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Full text of "The Morphology And Evolution Of The Apes And Man"

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CHAPTER XI. THE UKOGENITAL OKGANS.
Kidneys,—The kidneys have the same form and relative positions as in Man, but the right one may be very mobile. There is a variable quantity of perirenal fat, but I did not observe any supporting fascial shelf in the Chimpanzee and Gibbon. The capsule strips easily and is well vascularized. The cortex is thick, and the papillse tend to fuse in the Apes. The numbers of papillae vary, being one to four in the Gibbon, one in the Orang, one to four in the Gorilla, and one to six in the Chimpanzee, according to various authors. The calyces are small, and the pelvis may contain fat. The structures in the hilum of the kidney are arranged as in Man. The ureter runs as in Man, but I was unable to detect lymphatics accompanying it in the Chimpanzee.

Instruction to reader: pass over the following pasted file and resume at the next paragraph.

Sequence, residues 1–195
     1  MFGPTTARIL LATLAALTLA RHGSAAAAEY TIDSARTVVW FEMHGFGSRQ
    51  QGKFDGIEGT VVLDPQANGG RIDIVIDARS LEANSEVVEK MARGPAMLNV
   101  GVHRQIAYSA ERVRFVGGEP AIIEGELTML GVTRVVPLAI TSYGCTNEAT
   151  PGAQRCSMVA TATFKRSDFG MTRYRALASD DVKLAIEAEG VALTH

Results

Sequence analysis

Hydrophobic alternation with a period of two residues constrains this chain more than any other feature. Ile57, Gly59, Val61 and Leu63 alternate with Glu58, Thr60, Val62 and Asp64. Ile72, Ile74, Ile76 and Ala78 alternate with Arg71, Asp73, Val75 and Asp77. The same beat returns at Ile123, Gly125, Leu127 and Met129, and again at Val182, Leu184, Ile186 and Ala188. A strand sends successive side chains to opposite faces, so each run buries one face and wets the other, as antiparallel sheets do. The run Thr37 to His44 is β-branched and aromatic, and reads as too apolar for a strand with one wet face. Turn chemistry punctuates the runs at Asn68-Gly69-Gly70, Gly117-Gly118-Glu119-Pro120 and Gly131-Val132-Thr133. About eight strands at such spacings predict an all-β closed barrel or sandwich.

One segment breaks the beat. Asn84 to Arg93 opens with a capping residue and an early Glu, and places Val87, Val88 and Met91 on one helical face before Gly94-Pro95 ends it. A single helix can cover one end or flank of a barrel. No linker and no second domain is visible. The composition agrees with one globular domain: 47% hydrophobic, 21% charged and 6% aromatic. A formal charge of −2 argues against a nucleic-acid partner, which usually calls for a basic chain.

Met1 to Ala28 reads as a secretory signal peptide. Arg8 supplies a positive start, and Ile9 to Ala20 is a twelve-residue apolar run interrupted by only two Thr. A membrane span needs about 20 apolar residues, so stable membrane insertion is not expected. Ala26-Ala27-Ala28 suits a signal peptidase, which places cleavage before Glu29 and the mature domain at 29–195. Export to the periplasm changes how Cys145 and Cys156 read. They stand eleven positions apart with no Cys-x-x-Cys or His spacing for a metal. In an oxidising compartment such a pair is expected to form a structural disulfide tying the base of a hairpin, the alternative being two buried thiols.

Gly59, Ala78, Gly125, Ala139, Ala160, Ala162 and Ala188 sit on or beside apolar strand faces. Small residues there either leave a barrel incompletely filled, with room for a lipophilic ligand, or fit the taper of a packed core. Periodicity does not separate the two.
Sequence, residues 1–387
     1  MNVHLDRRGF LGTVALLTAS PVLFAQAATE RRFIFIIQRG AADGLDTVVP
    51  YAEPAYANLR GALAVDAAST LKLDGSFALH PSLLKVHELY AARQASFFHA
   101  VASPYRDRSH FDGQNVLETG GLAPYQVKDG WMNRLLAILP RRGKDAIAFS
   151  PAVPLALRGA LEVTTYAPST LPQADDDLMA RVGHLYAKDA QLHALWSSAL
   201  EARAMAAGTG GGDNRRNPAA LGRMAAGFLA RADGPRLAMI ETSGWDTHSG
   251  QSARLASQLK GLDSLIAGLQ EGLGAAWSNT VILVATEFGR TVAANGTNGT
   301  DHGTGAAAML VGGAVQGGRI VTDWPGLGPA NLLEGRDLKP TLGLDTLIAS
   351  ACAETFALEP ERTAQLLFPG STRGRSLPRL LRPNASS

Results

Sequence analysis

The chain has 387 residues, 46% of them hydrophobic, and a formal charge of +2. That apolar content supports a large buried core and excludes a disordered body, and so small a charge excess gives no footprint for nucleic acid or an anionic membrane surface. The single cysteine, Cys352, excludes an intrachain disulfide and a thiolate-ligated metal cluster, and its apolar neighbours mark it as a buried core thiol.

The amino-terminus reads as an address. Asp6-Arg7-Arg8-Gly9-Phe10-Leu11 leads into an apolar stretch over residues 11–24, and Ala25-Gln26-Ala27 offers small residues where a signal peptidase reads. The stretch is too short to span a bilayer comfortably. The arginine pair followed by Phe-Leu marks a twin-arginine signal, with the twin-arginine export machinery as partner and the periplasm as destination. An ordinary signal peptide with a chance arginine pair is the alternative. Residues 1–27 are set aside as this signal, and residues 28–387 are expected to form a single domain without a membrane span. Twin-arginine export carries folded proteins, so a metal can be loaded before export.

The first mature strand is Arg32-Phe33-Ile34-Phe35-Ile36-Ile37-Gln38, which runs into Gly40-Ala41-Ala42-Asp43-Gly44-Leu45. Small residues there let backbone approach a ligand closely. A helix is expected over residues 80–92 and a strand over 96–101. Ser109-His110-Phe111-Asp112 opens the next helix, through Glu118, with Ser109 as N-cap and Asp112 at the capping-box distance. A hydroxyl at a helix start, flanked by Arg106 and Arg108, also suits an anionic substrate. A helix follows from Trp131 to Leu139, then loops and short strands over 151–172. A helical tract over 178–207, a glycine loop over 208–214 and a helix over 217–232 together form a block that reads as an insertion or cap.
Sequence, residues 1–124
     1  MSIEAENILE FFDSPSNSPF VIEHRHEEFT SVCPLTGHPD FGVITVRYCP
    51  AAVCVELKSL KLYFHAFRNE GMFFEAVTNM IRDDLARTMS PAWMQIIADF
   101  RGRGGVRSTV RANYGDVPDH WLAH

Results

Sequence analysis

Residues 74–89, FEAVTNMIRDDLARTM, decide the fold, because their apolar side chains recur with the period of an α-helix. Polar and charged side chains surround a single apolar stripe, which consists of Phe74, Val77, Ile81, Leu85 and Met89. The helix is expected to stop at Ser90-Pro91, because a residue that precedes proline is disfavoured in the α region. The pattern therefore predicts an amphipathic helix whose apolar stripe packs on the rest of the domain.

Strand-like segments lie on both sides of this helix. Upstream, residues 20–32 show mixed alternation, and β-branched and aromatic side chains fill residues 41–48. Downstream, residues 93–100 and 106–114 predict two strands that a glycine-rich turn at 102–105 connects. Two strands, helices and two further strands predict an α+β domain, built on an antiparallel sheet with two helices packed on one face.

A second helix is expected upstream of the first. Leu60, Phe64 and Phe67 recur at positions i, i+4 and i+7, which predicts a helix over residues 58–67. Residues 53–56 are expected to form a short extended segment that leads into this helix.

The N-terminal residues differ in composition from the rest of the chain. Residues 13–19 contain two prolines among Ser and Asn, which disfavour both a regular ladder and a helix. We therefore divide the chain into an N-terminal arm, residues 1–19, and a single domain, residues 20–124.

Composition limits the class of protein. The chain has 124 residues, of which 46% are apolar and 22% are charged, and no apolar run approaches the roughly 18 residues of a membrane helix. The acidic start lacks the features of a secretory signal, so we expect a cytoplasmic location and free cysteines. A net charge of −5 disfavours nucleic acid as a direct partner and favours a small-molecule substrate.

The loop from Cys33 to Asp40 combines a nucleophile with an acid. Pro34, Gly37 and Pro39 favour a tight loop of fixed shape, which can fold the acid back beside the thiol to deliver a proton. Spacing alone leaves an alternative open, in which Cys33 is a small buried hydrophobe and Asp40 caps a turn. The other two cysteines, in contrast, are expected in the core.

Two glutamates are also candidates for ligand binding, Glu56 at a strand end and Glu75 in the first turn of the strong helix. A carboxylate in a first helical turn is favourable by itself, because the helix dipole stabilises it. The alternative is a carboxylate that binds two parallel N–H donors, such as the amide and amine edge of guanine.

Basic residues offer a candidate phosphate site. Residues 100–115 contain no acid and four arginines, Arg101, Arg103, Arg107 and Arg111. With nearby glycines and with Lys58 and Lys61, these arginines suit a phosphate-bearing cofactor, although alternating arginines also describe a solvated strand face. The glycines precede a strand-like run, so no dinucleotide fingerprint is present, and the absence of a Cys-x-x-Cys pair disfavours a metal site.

Bladder.—In the Chimpanzee it is thick and muscular, but no urachus nor anterior ligaments are present/ Lateral ligaments are well marked; and the thick round ligaments of the uterus are connected to them by peritoneal folds, so the utero-vesical pouch is crescentic. The mucosa is thick and corrugated, and the ureteric papillae lie at the ends of prominent ridges. The patu-lous urethral orifice is close to the ridge, so the trigone is small. The vesical musculature consists of two layers. There is an external longitudinal layer, half an inch wide,